I heartily recommend anything by Ms. Davidson, and this little book is no exception. As with her biography on Thomas A. Edison, the subject of this book had to overcome great obstacles.
At the age of three, the child was playing with some of the tools, trying to make holes in a piece of leather with an awl. Squinting closely at the surface, he pressed down hard to drive the point in, and the awl glanced across the tough leather and struck him in one of his eyes.
A local physician bound and patched the affected eye and even arranged for Braille to be met the next day in Paris by a surgeon, but no treatment could save the damaged organ. In agony, the young boy suffered for weeks as the wound became severely infected; an infection which then spread to his other eye, likely due to sympathetic ophthalmia.
He learned to navigate the village and country paths with canes his father hewed for him, and he grew up seemingly at peace with his disability. Because of his combination of intelligence and diligence, Braille was permitted to attend one of the first schools for blind children in the world, the Royal Institute for Blind Youth,  since renamed to the National Institute for Blind Youth in Paris.
He designed and manufactured a small library of books for the children using a technique of embossing heavy paper with the raised imprints of Latin letters. Because the raised letters were made in a complex artisanal process using wet paper pressed against copper wire, the children could not hope to "write" by themselves.
It was a slow and cumbersome process, but the boy could at least trace the letters' outlines and write his first sentences. They were laboriously constructed, very fragile, and expensive to obtain: To him, the books presented a system which would be readily approved by educators and indeed they seemed — to the sighted — to offer the best achievable results.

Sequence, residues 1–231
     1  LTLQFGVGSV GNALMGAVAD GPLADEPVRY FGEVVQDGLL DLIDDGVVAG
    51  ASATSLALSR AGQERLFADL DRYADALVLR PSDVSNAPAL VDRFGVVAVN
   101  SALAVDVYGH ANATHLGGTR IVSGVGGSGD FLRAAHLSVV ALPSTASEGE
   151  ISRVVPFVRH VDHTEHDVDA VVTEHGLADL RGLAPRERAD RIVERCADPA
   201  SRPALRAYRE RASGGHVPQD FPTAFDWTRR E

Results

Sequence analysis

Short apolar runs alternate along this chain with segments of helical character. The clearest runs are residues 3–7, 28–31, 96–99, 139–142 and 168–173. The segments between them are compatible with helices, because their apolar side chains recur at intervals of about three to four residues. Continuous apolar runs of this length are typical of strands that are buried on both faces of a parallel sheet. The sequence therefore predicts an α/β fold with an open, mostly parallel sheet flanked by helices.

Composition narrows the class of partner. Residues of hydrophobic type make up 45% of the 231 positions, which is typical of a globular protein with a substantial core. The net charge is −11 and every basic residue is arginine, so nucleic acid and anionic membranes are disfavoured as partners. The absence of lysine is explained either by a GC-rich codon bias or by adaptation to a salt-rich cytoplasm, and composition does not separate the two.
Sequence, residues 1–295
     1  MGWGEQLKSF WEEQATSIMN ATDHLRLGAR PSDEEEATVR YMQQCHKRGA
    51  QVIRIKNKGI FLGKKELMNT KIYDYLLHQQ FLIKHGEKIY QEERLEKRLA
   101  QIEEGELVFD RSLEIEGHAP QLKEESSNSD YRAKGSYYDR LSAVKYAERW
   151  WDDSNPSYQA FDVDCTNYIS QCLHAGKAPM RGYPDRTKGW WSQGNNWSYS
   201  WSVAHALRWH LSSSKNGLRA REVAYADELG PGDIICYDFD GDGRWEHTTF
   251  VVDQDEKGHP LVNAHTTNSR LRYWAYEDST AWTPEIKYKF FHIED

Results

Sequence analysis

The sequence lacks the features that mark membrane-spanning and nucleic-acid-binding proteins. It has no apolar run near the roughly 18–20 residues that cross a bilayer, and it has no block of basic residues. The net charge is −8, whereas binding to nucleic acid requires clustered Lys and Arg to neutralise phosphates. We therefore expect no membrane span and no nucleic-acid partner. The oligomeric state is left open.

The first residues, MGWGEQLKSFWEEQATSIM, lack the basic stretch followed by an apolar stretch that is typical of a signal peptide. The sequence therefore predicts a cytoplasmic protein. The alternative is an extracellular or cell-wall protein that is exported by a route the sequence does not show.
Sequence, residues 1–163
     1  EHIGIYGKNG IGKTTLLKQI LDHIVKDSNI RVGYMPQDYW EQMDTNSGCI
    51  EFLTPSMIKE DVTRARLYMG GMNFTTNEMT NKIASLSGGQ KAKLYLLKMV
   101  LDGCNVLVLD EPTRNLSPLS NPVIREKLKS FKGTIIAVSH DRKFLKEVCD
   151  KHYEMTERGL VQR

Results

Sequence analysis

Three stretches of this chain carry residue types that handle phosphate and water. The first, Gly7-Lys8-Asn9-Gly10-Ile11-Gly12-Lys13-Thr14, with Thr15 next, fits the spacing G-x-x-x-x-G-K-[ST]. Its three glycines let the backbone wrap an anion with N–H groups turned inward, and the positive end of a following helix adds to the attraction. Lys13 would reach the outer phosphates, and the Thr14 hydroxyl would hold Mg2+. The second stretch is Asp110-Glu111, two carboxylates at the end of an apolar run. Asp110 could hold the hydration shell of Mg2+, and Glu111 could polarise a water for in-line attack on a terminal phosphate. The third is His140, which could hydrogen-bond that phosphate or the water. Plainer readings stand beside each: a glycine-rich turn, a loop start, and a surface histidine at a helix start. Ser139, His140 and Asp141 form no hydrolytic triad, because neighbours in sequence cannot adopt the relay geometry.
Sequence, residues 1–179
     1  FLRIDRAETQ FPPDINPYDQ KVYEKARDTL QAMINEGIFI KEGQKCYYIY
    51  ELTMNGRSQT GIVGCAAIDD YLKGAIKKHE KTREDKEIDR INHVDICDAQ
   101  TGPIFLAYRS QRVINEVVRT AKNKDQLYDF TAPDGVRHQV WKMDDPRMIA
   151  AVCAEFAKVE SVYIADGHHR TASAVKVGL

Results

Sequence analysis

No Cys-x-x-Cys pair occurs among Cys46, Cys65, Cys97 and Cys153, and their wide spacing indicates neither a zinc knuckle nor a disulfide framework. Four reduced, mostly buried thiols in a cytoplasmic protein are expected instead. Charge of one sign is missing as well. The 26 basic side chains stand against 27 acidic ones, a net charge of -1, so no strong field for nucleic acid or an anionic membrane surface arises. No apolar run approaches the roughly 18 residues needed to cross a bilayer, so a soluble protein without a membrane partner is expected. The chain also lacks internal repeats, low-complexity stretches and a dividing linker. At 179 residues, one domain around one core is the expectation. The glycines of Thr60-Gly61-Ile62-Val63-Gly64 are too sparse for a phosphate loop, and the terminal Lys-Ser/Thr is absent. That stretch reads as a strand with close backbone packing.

Braille and his schoolmates, however, could detect all too well the books' crushing limitations.
He proved to be a highly proficient student and, after he had exhausted the school's curriculum, he was immediately asked to remain as a teacher's aide.
Byhe was elevated to a full professorship. For much of the rest of his life, Braille stayed at the Institute where he taught history, geometry, and algebra. Later in life, his musical talents led him to play the organ for churches all over France.
In his own words: We do not need pity, nor do we need to be reminded we are vulnerable. We must be treated as equals — and communication is the way this can be brought about.
Some sources depict Braille learning about it from a newspaper account read to him by a friend,  while others say the officer, aware of its potential, made a special visit to the school. These impressions could be interpreted entirely by the fingers, letting soldiers share information on the battlefield without having light or needing to speak.
He made uniform columns for each letter, and he reduced the twelve raised dots to six. He published his system inand by the second edition in he had discarded the dashes because they were too difficult to read.May 18, · But knowing how to write and read braille you can communicate with blind people.
So if you know how to write it or read it then that's really good for you. Louis Braille was blind and became blind when he was 3 years old by an accident in his dads work shop. He was playing with an awl (a sharp tool that cuts holes.) and it.
The Louis Braille Online Resource provides information about Louis Braille and the braille code he created. Louis Braille was fifteen years old when he developed his raised dot method of reading and writing. He called it "my alphabet." His alphabet is now called braille in .
In , Louis Braille first published the raised-dot code that would revolutionize the lives of blind people. With this electronic publication, the National Federation of the Blind is pleased to present Braille's book in a format readily accessible to the blind. Online shopping from a great selection at Books Store.
How To Read and Write Braille Alphabet Letters & Numbers - Grade 1: Step By Step PRINTED Braille Language Workbook For Beginners-Not Including Contracted Braille Signs.
Louis Braille (/ b r eɪ l / (listen); French: ; 4 January – 6 January ) was a French educator and inventor of a system of reading and writing for use by the blind or visually impaired. His system remains virtually unchanged to this day, and is known worldwide simply as vetconnexx.com: 4 January , Coupvray, France.
Jan 01, · Louis Braille is a short, simple, though in-depth book written for young children about Louis Braille. When young Louis was only three years old, he disobeyed his father and used a sharp awl. It slipped and hit his eye, and soon both eyes were infected.4/5.